Padilla chosen to be Youth Ambassador to South America

Wednesday, June 14, 2017

Cassville junior one of only 10 chosen from 16 states

Cassville junior Marisa Padilla was one of only 10 youth recently chosen to travel to Washington, D.C., for one week, then to South America for three weeks as part of Partners of the Americas' U.S. Youth Ambassadors program, taking place in July.

During her time spent abroad, Padilla, 15, along with the other participants chosen, will stay with a host family and engage in activities with local government and civic organizations, visit schools and participate in skills-based workshops that empower youth to mobilize their communities toward positive change. Upon her return, she will be tasked with applying what she learned to design and implement a service project that benefits her local community.

The competition was open to youth between the ages of 15 and 17 in several states, including Missouri, Arkansas, Georgia, Kansas, Maryland, Minnesota, North Carolina, Nebraska, Oregon, Pennsylvania, South Carolina, Virginia, Wyoming, Tennessee, Texas and Washington, D.C.

Padilla said she was thrilled to be chosen and applied for the program because it was in perfect alignment with her goals and passions.

"I was so ecstatic when I was accepted, and I just kept saying, 'I did it. I made it. I'm in,'" she said. "This program is basically everything I've ever wanted to do — travel, volunteer, experience new cultures, all while improving my leadership abilities, and the experience will provide me with the skills and resources to begin a life of service, starting with my own community. We will be meeting more youth in Colombia and visiting different organizations all designed to direct us into a life of service."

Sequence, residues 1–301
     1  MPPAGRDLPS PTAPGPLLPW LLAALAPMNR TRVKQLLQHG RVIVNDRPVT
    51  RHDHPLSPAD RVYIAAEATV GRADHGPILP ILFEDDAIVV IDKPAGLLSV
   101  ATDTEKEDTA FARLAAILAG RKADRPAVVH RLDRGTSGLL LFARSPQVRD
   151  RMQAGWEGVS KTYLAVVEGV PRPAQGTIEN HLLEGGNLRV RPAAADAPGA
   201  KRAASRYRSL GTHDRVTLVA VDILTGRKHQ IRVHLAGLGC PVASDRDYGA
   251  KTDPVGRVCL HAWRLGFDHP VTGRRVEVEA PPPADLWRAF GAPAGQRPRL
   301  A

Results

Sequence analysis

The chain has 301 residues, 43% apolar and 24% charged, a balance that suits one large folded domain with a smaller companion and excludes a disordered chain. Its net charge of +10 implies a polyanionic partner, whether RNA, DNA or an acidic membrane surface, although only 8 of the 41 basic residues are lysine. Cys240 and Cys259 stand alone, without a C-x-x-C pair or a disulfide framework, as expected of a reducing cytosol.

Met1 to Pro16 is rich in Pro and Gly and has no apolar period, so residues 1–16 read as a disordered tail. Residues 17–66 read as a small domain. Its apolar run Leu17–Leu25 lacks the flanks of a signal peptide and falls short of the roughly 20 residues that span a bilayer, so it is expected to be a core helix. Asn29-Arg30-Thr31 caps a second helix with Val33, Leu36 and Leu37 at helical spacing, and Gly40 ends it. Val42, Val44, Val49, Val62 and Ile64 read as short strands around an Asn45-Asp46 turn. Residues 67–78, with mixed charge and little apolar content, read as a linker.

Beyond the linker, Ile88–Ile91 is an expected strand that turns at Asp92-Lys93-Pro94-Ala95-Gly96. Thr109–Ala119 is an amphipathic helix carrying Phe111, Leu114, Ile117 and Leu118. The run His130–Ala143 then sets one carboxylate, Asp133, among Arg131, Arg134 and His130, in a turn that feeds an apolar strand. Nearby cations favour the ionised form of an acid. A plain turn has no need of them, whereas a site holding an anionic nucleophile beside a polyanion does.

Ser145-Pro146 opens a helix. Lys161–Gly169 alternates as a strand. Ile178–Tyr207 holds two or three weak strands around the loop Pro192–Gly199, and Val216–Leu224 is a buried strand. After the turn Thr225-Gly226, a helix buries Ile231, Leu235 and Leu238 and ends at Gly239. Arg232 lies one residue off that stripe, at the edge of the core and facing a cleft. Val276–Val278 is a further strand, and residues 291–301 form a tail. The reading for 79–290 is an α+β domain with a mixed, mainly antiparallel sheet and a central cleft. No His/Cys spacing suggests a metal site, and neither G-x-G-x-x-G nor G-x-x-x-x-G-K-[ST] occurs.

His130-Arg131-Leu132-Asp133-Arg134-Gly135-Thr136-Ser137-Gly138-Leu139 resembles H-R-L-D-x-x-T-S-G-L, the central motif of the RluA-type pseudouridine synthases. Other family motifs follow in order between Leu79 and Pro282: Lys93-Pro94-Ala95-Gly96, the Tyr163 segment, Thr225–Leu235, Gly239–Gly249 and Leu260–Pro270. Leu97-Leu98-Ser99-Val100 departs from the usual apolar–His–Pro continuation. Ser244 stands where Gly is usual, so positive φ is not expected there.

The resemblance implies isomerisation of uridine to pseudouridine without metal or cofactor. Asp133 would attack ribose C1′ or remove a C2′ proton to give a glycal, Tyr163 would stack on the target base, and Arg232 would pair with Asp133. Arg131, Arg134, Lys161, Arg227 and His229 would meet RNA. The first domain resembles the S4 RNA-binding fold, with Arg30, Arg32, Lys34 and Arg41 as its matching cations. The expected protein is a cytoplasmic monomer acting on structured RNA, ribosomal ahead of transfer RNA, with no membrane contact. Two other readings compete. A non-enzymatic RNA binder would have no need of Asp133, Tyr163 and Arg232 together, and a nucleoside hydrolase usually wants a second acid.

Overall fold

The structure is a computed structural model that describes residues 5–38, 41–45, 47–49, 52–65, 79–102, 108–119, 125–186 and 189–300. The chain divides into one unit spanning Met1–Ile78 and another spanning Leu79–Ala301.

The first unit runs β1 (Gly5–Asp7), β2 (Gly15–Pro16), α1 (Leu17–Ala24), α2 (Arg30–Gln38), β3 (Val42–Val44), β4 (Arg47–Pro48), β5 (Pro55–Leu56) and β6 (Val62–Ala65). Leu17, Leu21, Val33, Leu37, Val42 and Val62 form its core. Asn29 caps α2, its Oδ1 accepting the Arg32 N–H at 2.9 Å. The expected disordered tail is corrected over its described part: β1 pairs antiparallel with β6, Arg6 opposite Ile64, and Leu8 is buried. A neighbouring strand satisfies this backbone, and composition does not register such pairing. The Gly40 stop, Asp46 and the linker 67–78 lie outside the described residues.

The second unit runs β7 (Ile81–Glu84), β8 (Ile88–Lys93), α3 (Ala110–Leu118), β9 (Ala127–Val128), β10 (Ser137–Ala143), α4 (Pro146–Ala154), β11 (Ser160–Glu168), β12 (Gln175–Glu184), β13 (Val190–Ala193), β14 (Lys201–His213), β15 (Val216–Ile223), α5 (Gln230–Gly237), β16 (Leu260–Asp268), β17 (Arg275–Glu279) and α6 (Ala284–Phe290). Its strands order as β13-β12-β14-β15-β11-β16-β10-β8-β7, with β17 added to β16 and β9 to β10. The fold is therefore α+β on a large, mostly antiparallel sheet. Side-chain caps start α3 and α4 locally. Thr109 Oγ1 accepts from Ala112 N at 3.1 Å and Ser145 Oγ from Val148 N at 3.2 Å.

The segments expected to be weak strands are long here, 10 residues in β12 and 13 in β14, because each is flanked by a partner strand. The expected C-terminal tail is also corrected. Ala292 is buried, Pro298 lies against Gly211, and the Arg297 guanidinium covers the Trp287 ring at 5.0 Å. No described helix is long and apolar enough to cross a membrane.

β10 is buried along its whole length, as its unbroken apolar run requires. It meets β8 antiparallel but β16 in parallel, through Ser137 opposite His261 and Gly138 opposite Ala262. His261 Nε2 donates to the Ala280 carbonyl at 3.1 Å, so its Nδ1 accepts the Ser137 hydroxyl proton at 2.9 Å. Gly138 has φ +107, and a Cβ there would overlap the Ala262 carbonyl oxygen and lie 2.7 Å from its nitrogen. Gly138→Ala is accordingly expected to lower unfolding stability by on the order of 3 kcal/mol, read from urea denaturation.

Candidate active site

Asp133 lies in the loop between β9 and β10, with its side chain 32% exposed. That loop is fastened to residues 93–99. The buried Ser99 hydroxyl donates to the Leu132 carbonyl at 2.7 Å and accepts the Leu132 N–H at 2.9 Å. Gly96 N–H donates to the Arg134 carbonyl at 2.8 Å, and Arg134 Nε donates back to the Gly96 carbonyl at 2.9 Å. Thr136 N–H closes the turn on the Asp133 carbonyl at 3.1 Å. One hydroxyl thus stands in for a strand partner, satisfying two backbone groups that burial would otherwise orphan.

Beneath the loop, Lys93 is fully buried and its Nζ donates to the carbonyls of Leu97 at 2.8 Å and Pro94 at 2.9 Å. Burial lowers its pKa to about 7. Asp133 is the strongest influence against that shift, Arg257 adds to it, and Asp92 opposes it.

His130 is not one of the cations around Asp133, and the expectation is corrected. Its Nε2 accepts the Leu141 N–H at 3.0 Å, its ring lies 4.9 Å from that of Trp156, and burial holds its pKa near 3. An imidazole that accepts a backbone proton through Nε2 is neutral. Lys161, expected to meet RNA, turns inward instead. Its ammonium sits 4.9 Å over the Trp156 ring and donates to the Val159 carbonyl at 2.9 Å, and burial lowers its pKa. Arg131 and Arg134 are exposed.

The program and expenses are completely funded through the Department of State, whose mission is to create a peaceful, prosperous, just world, and foster conditions for stability and progress for the benefit of the American people and people everywhere.

Padilla learned about the opportunity through her connection to Rosario Keele, the vice president of Partners of the Americas’ Missouri chapter,. Applicants were selected through a competitive process, including academics, recommendation letters, leadership qualities, dedication to service and community, ability to adapt to new situations and environments, maturity and responsibility, ability to communicate effectively in Spanish, and age.

The application process was long, and the competition fierce, but Padilla said she is glad she made the effort.

"This application has consumed the last four months of my life, but it was definitely worth it for the things I will experience," she said. “I know this incredible opportunity will help me connect with other youth that are passionate about engaging with the world, both in their community and abroad." 

The Youth Ambassador also aims to project a more comprehensive image of Colombia than what international media portrays to educate others and influence future relations between the two countries. It was inspired by President John F. Kennedy and founded in 1964 under the Alliance for Progress.

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